But, as our country continues its investigation into these brutal terrorist attacks, there is one conclusion we should keep fixed in our minds:
The primary cause of the attacks was not a memo ignored, a message untranslated, or a name left off a watch list. Their primary cause was a man named Usama Bin Ladin and a group named al-Qa'ida.
When President George Bush decided to strip both Usama Bin Ladin and al-Qai'da of their Afghan sanctuary—a decision that moved the war on terror to an entirely different level—the contribution of intelligence was soon very plain to see. The first American team on the ground out there was CIA—for a reason.
We had people with the right local languages, we had people with the right local contacts, and the right universal skills—the ability both to report conditions and, if need be, to change them for the better. And they were ready to move, at virtually a moment's notice.
That brand of agile knowledge defines the Directorate of Operations. Its application in Afghanistan gave our military and our allies a priceless edge in their battles with the Taliban and al-Qai'da. In short order, one tyranny was driven from power, its dreams of an endless Dark Age shattered. And a second tyranny was put to flight, its agents scattered after a stunning defeat.
The CIA's contributions in Afghanistan continue to this day. They are possible for one reason: The agency did not, contrary to what you sometimes hear, forget that country, or that region, after the Soviets pulled out in 1989. You simply cannot create overnight the combination of assets—the talent, the sources—that went into the highest possible gear in defense of America after September 11th.
From the wrecked bases of terror, from those captured in Operation Enduring Freedom, we have learned much. Now, with al-Qai'da flushed from its central haven, we are in a long and perilous phase of hunt and pursuit of its cells and sympathizers. And as our president has said to the world, we will find them and we will destroy them.
But let's be clear about this: the task is difficult and the war will be long. As we move and adjust, so do our enemies. They adapt. They regroup. As we have seen in many places, from Bali to North Africa and the waters off Yemen, they retain their ability to strike. And they retain as well their interest in developing and acquiring more gruesome weapons of destruction and fear.
The operational environment may be tough. The possibility of new attacks against us may be high. Yet we as Americans can take some comfort in the fact that we are by no means alone in this campaign. In intelligence, as in military affairs and diplomacy, a coalition of nations—Muslim and non-Muslim alike—has taken shape to combat the specter of terror.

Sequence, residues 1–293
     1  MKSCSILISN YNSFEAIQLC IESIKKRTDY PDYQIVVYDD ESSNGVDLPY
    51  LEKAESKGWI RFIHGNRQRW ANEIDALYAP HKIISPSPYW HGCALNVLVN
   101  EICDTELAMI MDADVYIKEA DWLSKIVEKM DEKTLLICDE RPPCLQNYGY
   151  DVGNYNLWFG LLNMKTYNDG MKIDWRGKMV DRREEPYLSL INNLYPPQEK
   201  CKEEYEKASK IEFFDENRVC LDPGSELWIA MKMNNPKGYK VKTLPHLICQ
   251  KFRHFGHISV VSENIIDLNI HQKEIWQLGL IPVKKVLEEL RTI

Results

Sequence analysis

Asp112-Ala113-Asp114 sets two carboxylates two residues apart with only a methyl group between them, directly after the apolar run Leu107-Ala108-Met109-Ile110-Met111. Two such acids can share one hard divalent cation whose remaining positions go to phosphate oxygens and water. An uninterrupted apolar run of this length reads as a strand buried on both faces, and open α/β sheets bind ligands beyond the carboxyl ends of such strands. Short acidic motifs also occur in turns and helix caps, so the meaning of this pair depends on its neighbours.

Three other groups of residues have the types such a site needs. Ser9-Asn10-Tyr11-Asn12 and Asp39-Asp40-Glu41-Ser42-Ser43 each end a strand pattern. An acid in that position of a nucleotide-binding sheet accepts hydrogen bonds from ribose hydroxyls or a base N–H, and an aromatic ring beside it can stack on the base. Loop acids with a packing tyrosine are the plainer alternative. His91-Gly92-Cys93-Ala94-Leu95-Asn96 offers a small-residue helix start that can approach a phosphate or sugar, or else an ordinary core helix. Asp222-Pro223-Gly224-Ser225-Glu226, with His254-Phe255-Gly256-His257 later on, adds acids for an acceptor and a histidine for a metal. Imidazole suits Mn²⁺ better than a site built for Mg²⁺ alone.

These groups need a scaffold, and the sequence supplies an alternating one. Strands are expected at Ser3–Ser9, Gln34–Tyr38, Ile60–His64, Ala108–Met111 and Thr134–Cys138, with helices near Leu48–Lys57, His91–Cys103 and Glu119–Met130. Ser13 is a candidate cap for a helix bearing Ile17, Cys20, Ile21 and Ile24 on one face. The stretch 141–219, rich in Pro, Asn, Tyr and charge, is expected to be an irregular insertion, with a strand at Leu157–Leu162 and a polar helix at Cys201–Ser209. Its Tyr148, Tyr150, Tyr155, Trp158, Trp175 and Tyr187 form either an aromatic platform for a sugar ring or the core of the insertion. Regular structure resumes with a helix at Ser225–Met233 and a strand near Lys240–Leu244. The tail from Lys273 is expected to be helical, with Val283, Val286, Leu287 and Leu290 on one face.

On September 12th, much of the international community—through its intelligence services—came to CIA and asked how they could help. Beyond sympathy, solidarity, or any calculation of gain was an understanding that terrorism threatens more than the United States. In its rage, corruption, and quest for power, it is a threat to governments and peoples everywhere.
The Directorate of Operations has many close and productive liaison relationships. To us, these are force multipliers, valuable extensions of our own activities. With the stakes as high as they are, I would be irresponsible not to use every legitimate resource at my command.
But, fundamentally, for the spies we run, the secrets we steal, and the insights we develop about the world—be it pinpoint events like a terrorist plan or the broader, deeper currents that lie behind them—we rely first and foremost on ourselves and our skills as intelligence professionals.
It has always been so. Today, however, we have more reporting on the really hard targets than I can remember at any time in my nearly 30 years of agency service.
The achievements of the Directorate of Operations—what it brings to the security of the United States each and every day—are the product of the sweat and sacrifice of its people. They are a mix of veteran officers and newer recruits, brought in over the past five years as the leadership of CIA has sought to rebuild the Clandestine Service.
After a period of neglect, when some in government saw little need for our existence, others were giving us more missions, and fewer still thought to give us the money or people to accomplish them, the tide began to turn in 1998. Now, we are hiring at an unprecedented rate. President Bush and Vice President Cheney's support for our efforts is unprecedented. Our support from Congress is also unprecedented.
There are some misperceptions out there about our recruiting drive. Some claim that we have lowered our standards. One fellow—who once worked at CIA and should know better—said that the officers of today are reluctant to take the hard jobs and reluctant to go to the danger spots of the moment. That's just nonsense!